After a visit to Swindon College, the idea of a regular Open Classrooms Week at Reading was born.
Our first week was in November and it generated quite a buzz. We had door signs created that had both red and green sides. Staff were to display these to indicate whether they wanted visitors or not.
We found that staff were welcoming each other into their lessons with open arms.
We approached the March Open Classrooms Week with a renewed sense of how we could improve the experience for staff. We wanted a schedule of green doors to be shared so that staff could plan a visit rather than endlessly wander the corridors in their ‘free’ time. This was created in a Google drawing that was updated every day. We also shared a top 5 reasons for taking part in Open Classrooms Week with staff to generate interest in the week leading up to the event.
The first can be summed up by a member of staff in the feedback from November:
‘I enjoyed the opportunity to see my colleagues teach in a truly informal and non threatening way.’
Observations have a stigma attached to them but this kind of green door visit is a far more friendly way to achieve an insight into your colleagues’ teaching in order to inform your own practice.
The second relates to our recent Inspection Report where Ofsted cited the ‘green door’ as part of the consideration of CPD effectiveness at the College.
‘Opportunities for teachers to take part in professional development are plentiful and varied. Much professional development is innovative and makes good use of web technologies to allow teachers to learn at a time that suits them, or collaboratively with colleagues. Staff increase the range of teaching strategies they use with learners by learning from each other. For example, on a ‘Green Door’ day, teachers hang a green sign on their classroom door to indicate to colleagues that they may come in to observe a lesson.’
The third comes from a Teaching and Learning book. Ross McGill has written an excellent teaching book entitled ‘100 Ideas for Secondary Teachers’. In it, he references open classrooms.
He says, ‘Creating and open door culture in your classroom will not only benefit you as a teacher but also your colleagues, the school and your student community. That’s got to be a win-win situation, right?’ He also writes about the many benefits: ‘They include promoting reflection and evaluation of your teaching, as well as increasing collaboration and trust among teachers and across the curriculum.’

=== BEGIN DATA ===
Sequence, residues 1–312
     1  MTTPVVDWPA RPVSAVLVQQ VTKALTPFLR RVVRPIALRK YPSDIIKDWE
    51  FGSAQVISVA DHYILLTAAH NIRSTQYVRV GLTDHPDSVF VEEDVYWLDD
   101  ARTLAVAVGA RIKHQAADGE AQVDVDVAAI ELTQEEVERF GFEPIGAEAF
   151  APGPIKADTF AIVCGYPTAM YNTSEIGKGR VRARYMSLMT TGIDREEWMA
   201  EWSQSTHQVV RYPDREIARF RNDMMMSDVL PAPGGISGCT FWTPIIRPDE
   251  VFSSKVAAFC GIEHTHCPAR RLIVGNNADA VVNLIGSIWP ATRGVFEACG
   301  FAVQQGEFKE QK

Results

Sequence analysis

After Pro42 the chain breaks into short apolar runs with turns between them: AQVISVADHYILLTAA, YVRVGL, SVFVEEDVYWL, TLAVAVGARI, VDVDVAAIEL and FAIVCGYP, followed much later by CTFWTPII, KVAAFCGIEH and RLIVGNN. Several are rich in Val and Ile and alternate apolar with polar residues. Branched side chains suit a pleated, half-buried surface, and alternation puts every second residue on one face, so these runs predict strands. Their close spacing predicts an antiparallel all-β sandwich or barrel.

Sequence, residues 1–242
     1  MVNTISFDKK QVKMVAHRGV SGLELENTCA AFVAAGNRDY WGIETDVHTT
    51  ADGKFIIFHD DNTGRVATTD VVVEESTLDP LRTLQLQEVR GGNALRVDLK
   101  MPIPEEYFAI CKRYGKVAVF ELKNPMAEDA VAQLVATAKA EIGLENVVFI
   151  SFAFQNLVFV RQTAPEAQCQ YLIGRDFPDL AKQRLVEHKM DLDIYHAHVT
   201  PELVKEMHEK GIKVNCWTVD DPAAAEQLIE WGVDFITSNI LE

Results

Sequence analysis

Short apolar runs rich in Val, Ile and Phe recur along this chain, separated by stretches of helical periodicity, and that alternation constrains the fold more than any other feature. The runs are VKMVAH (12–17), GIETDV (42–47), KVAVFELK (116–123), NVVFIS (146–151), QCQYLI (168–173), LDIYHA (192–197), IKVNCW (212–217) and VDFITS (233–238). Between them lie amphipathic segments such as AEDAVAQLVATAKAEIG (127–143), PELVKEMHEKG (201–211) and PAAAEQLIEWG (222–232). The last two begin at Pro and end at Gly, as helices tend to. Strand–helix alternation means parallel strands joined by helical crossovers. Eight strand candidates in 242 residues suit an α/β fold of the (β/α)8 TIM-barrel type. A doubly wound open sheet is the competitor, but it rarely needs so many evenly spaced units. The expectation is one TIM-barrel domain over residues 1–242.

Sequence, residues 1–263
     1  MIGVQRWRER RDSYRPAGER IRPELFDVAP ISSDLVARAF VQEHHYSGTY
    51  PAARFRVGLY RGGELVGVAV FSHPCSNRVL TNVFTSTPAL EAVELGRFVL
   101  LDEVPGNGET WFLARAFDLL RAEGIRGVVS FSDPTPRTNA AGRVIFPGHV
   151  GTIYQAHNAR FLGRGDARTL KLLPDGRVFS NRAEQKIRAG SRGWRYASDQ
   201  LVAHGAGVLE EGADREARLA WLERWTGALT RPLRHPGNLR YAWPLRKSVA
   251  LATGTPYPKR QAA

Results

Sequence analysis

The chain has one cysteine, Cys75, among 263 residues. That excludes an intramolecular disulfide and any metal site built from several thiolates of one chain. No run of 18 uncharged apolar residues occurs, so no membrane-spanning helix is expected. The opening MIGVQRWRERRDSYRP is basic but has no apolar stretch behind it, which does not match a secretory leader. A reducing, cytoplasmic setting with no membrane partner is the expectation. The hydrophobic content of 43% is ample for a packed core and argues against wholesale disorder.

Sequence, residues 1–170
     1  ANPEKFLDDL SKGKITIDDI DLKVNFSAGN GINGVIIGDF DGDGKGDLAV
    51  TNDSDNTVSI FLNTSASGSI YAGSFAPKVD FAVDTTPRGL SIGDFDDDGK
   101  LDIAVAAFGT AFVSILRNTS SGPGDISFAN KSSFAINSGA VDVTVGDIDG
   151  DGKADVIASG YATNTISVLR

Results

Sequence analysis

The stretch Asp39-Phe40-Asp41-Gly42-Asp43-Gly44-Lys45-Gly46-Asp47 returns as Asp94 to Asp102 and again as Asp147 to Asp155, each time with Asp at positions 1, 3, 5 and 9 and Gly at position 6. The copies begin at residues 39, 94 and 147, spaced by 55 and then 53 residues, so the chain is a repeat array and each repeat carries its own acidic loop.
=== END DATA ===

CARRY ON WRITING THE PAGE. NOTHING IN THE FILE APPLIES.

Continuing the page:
We actually got the idea from a visit that was made to Swindon College. This all goes to show that being aware of what others within the sector and beyond are up to can inform your own practice, perhaps in a hugely transformative way.
The fourth is related to the last Open Classrooms we did. This wall demonstrates the range of opportunities available to you during this week. It’s a great time to sit in on a colleague’s lesson in the same area as you but much can be gained from having a wider view of the teaching occurring across the whole College. Go it alone and reflect on your own practice or report back to department colleagues at your weekly meeting. Go with colleagues so that you can see and then immediately discuss how what you’ve seen could improve practice in your area.
The final reason to get involved in open classrooms week is that it’s great for your students too! Add a new dimension to the experience: Why not take a student with you on your travels?
‘It’s been great to discuss my practice with everyone and the students have enjoyed having different individuals in the room to discuss with them what they’ve been learning.’
‘I’ve really enjoyed seeing so many good examples of student led learning in action across the college.’
‘I think it’s a great way of getting students used to having visitors to enable them to feel comfortable.’
If you haven’t tried Open Classrooms yet in your school or College then we can highly recommend it!
Here are some other posters that might help: